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English Names for Boys

  1. ColeHeart
    • Origin:

      English
    • Meaning:

      "swarthy, coal black"
    • Description:

      Cole -- a short name that embodies a lot of richness and depth -- has long been associated with the great songwriter Cole Porter. It's quite popular in Scotland.
  2. JackHeart
    • Origin:

      English, diminutive of John
    • Meaning:

      "God is gracious"
    • Description:

      Jack is a derivative of John that originated in medieval England. The name went from John to Johnkin to Jankin to Jackin to Jack. The name was so common in the Middle Ages that Jack became a generic term for a man.
  3. TateHeart
    • Origin:

      English from Norse
    • Meaning:

      "cheerful"
    • Description:

      A strong single-syllable surname with a joyful meaning, Tate is finding a place on more and more birth certificates.
  4. RalphHeart
    • Origin:

      English from German
    • Meaning:

      "wolf-counsel"
    • Description:

      Ralph has two diametrically different images: there's the suave Ralph Fiennes-type Brit (often pronounced Rafe), and then there's the Jackie Gleason blue-collar, bowling blowhard Ralph Kramden bus driver. It's all in the eye of the beholder, though its hip factor did rise when it was chosen for his son by cool U.K. actor Matthew Macfadyen.
  5. HaydenHeart
    • Origin:

      English
    • Meaning:

      "fire"
    • Description:

      Hayden – a formerly obscure name that's risen to huge popularity – has dipped in this year's ratings. Though Hayden is among the most distinctive of the bunch, it gets lost in the crowd of Jaidens, Bradens, Aidans, and endless variations. Associated with Hayden Christensen, of Star Wars fame.
  6. AlfieHeart
    • Origin:

      Diminutive of Alfred, English
    • Meaning:

      "wise counselor"
    • Description:

      Alfie is a Top 20 name throughout the British Isles, where retro nickname names are mega-popular, but it hasn't really been picked up in the US yet. Both Alfie and rising star Archie are spunky nickname possibilities with a bit of an English accent.
  7. AlfredHeart
    • Origin:

      English
    • Meaning:

      "wise counselor; elf counsel"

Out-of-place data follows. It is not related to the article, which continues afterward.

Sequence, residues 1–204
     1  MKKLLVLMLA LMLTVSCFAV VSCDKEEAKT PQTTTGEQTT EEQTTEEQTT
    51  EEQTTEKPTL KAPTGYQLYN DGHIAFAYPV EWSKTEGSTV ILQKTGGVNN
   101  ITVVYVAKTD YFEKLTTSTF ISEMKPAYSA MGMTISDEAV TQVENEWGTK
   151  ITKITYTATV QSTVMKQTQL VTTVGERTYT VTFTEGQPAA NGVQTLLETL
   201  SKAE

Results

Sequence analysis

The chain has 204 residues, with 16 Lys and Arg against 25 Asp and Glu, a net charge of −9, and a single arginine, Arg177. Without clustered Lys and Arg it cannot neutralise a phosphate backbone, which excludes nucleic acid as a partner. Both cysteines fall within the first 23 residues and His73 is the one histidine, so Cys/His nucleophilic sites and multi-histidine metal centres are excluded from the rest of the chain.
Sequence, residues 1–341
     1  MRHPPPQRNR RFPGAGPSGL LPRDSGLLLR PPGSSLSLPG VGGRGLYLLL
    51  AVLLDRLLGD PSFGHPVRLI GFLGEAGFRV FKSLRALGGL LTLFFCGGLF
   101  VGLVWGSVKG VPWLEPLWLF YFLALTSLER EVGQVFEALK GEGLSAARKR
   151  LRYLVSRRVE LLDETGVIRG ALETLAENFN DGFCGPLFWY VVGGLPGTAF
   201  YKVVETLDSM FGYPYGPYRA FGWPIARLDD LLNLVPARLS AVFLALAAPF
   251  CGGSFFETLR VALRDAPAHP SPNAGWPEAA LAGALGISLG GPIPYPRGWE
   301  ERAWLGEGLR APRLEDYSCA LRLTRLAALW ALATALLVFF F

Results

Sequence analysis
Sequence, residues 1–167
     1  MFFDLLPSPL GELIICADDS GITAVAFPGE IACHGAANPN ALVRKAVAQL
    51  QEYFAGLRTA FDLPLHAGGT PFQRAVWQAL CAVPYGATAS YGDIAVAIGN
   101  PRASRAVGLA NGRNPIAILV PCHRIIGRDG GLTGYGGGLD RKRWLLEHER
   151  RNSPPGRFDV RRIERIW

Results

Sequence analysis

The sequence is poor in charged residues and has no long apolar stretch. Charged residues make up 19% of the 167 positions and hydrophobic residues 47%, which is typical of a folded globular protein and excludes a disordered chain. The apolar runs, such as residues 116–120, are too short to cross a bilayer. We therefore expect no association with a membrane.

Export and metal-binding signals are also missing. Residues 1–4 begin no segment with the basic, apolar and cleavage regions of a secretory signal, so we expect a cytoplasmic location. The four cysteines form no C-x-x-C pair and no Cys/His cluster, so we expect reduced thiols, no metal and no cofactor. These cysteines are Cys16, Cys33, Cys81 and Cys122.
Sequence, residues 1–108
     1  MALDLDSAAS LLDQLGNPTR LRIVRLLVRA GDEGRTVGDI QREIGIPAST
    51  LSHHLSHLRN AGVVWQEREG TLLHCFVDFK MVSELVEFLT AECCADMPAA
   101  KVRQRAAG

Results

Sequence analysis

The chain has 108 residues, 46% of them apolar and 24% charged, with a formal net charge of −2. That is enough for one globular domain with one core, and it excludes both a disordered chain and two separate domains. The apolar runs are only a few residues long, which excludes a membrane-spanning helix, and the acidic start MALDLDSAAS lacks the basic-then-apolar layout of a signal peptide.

• Description:

      Alfred is up off his recliner! If you're looking for a path to Fred, you can go directly to Frederick or take the long way around with the so-out-it's-in-again Alfred. Alfred is quite popular in several European countries, especially England and Wales, Norway, Sweden, and Denmark.
  8. HudsonHeart
    • Origin:

      English
    • Meaning:

      "Hugh's son"
    • Description:

      Hudson has risen quickly up the charts after emerging at the bottom of the list in 1995, now solidly in the Top 100.
  9. FletcherHeart
    • Origin:

      English occupational name
    • Meaning:

      "arrow-maker"
    • Description:

      Fletcher is a common surname with a touch of quirkiness; it definitely fits into the So Far Out It's In category--and moving further in all the time along with other occupational names from Parker to Forester.
  10. MaxHeart
    • Origin:

      English and German diminutive of Maximilian or Maxwell
    • Meaning:

      "greatest"
    • Description:

      Max was derived from Maximilian, a Latin name that originated from the Roman family name Maximus. The character name Max in the children's classic Where the Wild Things Are had an impact on baby namers. Max is a widely used name internationally.
  11. WesleyHeart
    • Origin:

      English
    • Meaning:

      "western meadow"
    • Description:

      Wesley is one of a group of W-starting surname names reminiscent of the Old West that are making a comeback -- though it's not as well used as it was in the 1970s, when he ranked as high as Number 66.
  12. BrooksHeart
    • Origin:

      English
    • Meaning:

      "of the brook"
    • Description:

      Surname name, nature name, and word name, with a more masculine slant than Brook or Brooklyn. Brooks Robinson was one of the greatest third basemen ever, playing for the Baltimore Orioles from 1955 until 1977. Brooks might be considered one of the new wave of stylish English names for boys.